From: David Walthall (walthall_at_[hidden])
Date: 2007-04-03 12:02:58
Here is my review of the proposed Boost.Units library.
A major shortcoming in C++ for scientific applications is that all
quantities are represented as unitless quantities, and it is up to the
programmer to ensure unit consistency and correctness. For me,
compile-time dimensional-analysis checking is essential to writing
scientific applications. Compile-time checking of dimensions helps
eliminate bugs. As importantly, it makes for self-documenting code.
Finally, when dealing with quantities in different unit systems, it
prevents conversion mistakes and inconsistencies.
This library satisfies all of the requirements I have for a unit system:
compile-time dimensional analysis, zero runtime overhead (at least in
theory), and explicit conversions to other systems (such as meters ->
inches). I recommend that this library be accepted.
* What is your evaluation of the design?
The only complaint I have is that unique values of ordinal<N> have to be
used. It seems like this could cause incompatibility issues if two
different libraries use Boost.Units and define the units in an
incompatible way. However, this could be mostly eliminated by the
inclusion of a large set of predefined systems.
One feature of this library that I definitely appreciate is the ability
to add additional (composite) dimensions. For example adding a
molar_energy type can be accomplished in just a few lines of code using
composite_dimension. As a convenience, I would like to see the process
for adding additional dimensions simplified. It would be nice if the
typedef for a new type, such as molar_energy_type, was something like:
composite_dimension<length_tag,2, mass_tag,1, time_tag,-2,
I find the syntax:
quantity<SI::length> x = 2.0 * SI::meters;
very intuitive. It succinctly expresses the concept that x is a
concrete quantity and clearly documents the value that x has.
My final suggestion is that CODATA constants should be available for
libraries that do not support typeof. (I expect that this will be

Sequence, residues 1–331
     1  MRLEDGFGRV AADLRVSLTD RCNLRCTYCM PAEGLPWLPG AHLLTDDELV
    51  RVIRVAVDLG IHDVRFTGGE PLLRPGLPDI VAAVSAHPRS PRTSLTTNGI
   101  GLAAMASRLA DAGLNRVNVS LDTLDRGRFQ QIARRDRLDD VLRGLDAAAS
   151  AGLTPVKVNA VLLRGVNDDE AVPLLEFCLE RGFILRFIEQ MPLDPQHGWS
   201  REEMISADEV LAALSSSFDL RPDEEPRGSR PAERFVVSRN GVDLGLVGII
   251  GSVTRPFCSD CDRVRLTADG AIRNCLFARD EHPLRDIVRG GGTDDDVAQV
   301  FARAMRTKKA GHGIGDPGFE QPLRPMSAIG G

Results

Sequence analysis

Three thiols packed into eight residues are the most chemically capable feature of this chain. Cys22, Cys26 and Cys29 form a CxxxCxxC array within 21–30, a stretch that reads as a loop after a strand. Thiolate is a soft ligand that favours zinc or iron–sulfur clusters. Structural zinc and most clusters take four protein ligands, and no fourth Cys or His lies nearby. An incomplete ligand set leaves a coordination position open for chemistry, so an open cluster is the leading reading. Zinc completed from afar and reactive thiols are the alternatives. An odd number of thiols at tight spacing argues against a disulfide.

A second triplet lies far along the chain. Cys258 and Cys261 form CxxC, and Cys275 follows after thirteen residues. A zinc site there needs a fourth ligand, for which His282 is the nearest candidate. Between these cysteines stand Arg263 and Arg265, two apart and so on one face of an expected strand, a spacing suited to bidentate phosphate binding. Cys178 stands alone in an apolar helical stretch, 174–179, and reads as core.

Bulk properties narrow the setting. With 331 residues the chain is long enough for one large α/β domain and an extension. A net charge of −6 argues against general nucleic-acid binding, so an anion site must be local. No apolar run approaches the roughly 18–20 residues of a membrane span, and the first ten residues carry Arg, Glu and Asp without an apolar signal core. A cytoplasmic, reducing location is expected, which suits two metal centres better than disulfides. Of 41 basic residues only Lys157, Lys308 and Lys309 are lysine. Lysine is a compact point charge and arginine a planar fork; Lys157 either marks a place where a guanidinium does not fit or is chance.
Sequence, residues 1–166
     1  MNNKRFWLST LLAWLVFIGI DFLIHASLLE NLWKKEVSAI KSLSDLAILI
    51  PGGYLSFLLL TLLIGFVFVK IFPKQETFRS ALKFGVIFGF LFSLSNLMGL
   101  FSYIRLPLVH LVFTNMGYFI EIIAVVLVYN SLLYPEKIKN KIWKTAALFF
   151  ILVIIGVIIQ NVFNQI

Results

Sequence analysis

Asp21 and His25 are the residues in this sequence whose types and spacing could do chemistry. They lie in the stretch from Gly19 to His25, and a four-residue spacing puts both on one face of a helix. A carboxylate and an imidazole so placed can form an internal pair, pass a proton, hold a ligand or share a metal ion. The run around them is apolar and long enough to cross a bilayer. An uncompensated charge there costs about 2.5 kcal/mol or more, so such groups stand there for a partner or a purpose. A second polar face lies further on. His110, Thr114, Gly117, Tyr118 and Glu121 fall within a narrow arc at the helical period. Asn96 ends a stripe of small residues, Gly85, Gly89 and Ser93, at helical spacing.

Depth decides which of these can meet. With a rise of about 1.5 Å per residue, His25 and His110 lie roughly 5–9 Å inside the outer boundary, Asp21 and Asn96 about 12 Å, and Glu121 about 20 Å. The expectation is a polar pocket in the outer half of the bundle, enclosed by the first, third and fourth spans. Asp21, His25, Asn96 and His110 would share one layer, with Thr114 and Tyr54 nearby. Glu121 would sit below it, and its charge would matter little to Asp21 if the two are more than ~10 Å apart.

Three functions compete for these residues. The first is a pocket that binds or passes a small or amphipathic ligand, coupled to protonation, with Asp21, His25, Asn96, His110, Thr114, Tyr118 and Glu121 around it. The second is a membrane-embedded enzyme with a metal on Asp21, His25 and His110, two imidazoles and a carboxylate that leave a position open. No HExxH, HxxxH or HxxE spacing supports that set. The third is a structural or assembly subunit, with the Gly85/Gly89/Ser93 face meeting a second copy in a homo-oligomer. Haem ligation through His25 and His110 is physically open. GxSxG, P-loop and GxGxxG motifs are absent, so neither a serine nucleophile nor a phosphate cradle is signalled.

fairly straightforward since the units are known.)
* What is your evaluation of the implementation?
I did not look into the implementation deeply enough to have an opinion
about it. However, the compile times of the examples were reasonable
enough for me to conclude that it will be usable in the software project
on which I work.
* What is your evaluation of the documentation?
The documentation through the end of the Examples is very thorough and
very useful. It provides information and code to illustrate most of the
features of the library. In addition, the quick-start provides an
introduction that should serve to most people well.
As some other people have pointed out, there are some broken links.
Finally, the documentation for the internals of the library are rather
weak. E.g. boost_units/Utilities.html
* What is your evaluation of the potential usefulness of the library?
This library is extremely useful for anyone who deals with values that
have associated units. As I mentioned before, a major short-coming of
C++ (and all other programming languages that I know of) is that values
are represented as unitless quantities, and it is the responsibility of
the programmer to ensure that all units are consistent. This library
removes that burden from the programmer and places it on the compiler.
* Did you try to use the library? With what compiler? Did you have
I have experimented with the library and converted a few small
applications that used Andy Little's old PQS library. I have tested it
under MSVC 7.1 and gcc 3.4.4 (under cygwin). Other than an issue with
the __builtin_signbit (which I consider a bug in gcc since it is
declared but never defined), all of the examples compiled and worked
* How much effort did you put into your evaluation? A glance? A quick
reading? In-depth study?
I read the documentation and went through the examples. I also wrote a
few small programs to explore this library. I then modified some small
existing programs to use this library.
* Are you knowledgeable about the problem domain?
I believe that I am knowledgeable about the program domain. I received
a Ph.D. in Chemistry and now work as a scientific programmer.
* Do you think the library should be accepted as a Boost library? Be
sure to say this explicitly so that your other comments don't obscure
your overall opinion.
Yes, I believe that it should be accepted.
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